Figure \(\PageIndex{1}\) Le Chatelier’s principle: effect of adding a component. At 745 K, HI is partially decomposed into H2 and I2: 2HI H2 + I2. If extra hydrogen (gray) is added to the equilibrium mixture, the system responds in such a way as to reduce the concentration of H2. Some I2 reacts with the H2, and more HI is formed. The equilibrium is shifted to the left. Note, however, that some of the I2 has been consumed, and its concentration is smaller than before.

    Le Chatelier's principle can also be applied to cases where one of the components is removed. In such a case the system responds by producing more of the component removed. Consider, for example, the ionization of the weak diprotic acid H2S:

    \[\ce{H_{2}S + 2H_{2}O \rightleftharpoons 2H_{3}O^{+} + S^{2-}} \nonumber \]


    Since H2S is a weak acid, very few S2– ions are produced, but a much larger concentration of S2–ions can be obtained by adding a strong base. The base will consume most of the H3O+ ions. As a result, more H2S will react with H2O in order to make up the deficiency of H3O+, and more S2–ions will also be produced. This trick of removing one of the products in order to increase the concentration of another product is often used by chemists, and also by living systems.

    Previously, we've investigated the effect of adding/subtracting a product/reactant in mathematical terms. The video below allows you to visually see the changes the equilibrium shifts that occur upon the addition of a reactant or product, courtesy of the North Caroline School of Science and Mathematics.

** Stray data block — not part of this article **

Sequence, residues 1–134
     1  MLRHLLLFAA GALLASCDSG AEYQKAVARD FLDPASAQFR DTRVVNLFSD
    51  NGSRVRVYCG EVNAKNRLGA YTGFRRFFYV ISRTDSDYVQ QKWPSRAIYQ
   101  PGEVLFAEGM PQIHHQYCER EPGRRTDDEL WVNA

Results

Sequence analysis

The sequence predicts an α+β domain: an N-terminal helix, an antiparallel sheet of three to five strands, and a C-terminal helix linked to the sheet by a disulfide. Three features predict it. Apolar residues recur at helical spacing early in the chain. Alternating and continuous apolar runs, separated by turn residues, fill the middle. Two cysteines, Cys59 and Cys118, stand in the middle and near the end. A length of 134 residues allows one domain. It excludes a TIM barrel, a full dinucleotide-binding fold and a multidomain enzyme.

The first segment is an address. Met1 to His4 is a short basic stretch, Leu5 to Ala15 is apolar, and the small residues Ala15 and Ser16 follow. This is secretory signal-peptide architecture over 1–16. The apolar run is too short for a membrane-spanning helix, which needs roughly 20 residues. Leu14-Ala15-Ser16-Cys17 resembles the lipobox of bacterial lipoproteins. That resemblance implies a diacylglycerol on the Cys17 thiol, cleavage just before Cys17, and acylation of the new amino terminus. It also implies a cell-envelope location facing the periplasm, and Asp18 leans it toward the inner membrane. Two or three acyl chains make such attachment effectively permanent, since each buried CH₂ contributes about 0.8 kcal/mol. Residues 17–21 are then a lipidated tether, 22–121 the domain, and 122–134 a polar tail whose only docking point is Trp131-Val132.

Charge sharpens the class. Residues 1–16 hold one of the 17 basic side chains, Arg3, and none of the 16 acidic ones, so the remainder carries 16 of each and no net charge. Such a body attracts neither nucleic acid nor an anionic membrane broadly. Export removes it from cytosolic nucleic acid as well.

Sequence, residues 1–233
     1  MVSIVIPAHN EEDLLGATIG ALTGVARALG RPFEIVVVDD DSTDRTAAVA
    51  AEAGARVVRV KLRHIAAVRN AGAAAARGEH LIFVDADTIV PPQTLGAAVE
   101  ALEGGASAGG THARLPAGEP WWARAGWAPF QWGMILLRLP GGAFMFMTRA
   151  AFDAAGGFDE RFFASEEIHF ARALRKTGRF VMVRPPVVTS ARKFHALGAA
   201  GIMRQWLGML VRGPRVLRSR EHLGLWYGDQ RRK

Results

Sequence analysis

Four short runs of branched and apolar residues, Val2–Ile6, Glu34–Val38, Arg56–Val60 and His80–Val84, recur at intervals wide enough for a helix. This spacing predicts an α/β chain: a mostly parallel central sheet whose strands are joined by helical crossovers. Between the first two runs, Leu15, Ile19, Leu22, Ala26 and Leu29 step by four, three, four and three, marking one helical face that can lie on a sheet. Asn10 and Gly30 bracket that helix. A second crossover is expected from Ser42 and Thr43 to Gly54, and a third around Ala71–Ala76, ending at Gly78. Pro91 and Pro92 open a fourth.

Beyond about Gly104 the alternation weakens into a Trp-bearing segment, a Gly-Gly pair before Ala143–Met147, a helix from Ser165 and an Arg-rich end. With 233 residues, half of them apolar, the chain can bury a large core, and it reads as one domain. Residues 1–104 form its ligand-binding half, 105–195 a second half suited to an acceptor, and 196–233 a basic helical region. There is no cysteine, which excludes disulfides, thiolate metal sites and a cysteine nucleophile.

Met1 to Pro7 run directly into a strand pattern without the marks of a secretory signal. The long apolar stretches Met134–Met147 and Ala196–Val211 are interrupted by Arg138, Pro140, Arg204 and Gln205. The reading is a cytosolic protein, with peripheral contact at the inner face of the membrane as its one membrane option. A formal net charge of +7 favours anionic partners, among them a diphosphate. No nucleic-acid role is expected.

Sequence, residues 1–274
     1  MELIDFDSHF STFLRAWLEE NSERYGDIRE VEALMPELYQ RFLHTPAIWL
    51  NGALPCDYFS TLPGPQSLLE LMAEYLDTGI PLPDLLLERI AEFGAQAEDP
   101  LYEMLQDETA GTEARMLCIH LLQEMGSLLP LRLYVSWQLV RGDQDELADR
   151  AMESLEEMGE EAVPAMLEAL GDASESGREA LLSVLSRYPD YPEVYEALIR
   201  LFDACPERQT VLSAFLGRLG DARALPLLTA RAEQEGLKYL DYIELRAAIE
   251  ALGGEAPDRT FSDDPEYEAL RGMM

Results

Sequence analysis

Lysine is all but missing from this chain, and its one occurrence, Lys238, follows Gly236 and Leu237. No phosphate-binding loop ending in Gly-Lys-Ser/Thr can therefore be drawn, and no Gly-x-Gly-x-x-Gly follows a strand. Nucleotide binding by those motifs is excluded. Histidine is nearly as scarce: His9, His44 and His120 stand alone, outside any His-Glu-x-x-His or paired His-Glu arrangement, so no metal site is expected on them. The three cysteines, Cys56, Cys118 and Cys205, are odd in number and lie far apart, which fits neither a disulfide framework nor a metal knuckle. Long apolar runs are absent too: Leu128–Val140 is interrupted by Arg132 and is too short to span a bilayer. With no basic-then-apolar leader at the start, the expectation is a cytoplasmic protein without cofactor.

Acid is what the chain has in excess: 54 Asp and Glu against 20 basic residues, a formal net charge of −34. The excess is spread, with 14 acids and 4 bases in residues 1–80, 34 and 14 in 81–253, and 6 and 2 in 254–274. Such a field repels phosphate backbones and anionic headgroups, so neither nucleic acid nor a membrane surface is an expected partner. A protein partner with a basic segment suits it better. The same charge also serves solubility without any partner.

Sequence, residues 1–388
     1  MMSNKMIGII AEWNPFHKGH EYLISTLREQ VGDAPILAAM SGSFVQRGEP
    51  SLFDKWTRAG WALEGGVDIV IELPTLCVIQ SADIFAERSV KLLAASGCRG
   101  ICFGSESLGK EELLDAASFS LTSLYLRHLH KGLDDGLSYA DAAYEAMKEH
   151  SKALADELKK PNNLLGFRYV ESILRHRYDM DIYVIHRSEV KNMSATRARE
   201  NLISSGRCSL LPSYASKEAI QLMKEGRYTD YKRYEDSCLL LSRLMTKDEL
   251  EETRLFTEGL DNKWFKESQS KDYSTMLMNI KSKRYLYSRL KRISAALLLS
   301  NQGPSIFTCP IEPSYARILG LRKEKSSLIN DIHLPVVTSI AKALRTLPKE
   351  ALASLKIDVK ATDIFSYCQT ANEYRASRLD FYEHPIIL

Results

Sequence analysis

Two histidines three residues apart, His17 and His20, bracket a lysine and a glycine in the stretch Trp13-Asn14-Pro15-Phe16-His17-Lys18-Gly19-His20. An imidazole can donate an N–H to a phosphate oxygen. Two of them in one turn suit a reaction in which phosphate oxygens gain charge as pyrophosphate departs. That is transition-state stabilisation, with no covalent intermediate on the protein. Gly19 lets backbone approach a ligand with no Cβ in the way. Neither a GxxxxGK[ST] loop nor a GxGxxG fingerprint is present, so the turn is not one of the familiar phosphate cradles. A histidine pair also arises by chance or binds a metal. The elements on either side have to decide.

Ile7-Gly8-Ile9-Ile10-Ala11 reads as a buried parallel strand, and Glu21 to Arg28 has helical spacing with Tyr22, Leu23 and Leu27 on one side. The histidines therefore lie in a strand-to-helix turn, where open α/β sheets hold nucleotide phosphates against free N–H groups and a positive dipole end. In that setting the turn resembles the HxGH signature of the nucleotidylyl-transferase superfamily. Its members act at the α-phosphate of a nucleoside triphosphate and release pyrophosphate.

Example \(\PageIndex{1}\) : Yield

    When a mixture of 1 mol N2 and 3 mol H2 is brought to equilibrium over a catalyst at 773 K (500°C) and 10 atm (1.01 MPa), the mixture reacts to form NH3 according to the equation

    \(\text{N}_2(g) + \text{3H}_2(g) \rightleftharpoons \text{2NH}_3(g)\) ΔHm = – 94.3 kJ The yield of NH3, however, is quite small; only about 2.5 percent of the reactants are converted. Suggest how this yield could be improved (a) by altering the pressure; (b) by altering the temperature; (c) by removing a component; (d) by finding a better catalyst.


    a) Increasing the pressure will drive the reaction in the direction of fewer molecules. Since Δn = - 2, the forward reaction will be encouraged, increasing the yield of NH3. b) Increasing the temperature will drive the reaction in an endothermic direction, in this case in the reverse direction. In order to increase the yield, therefore, we need to lower the temperature. c) Removing the product NH3 will shift the reaction to the right. This is usually done by cooling the reaction mixture so that NH3(l) condenses out. Then more N2(g) and H2(g) are added, and the reaction mixture is recycled to a condition of sufficiently high temperature that the rate becomes appreciable. d) While a better catalyst would speed up the attainment of equilibrium, it would not affect the position of equilibrium. It would therefore have no effect on the yield.

    Note: As mentioned in Chaps. 3 and 12, NH3 is an important chemical because of its use in fertilizers. In the design of a Haber-process plant to manufacture ammonia, attempts are made to use as high a pressure and as low a temperature as possible. The pressure is usually of the order of 150 atm (15 MPa), while the temperature is not usually below 750 K. Although a lower temperature would give a higher yield, the reaction would go too slowly to be economical, at least with present-day catalysts. The discoverer of a better catalyst for this reaction would certainly become a millionaire over-night.


    Two of the equations in this article were created using help from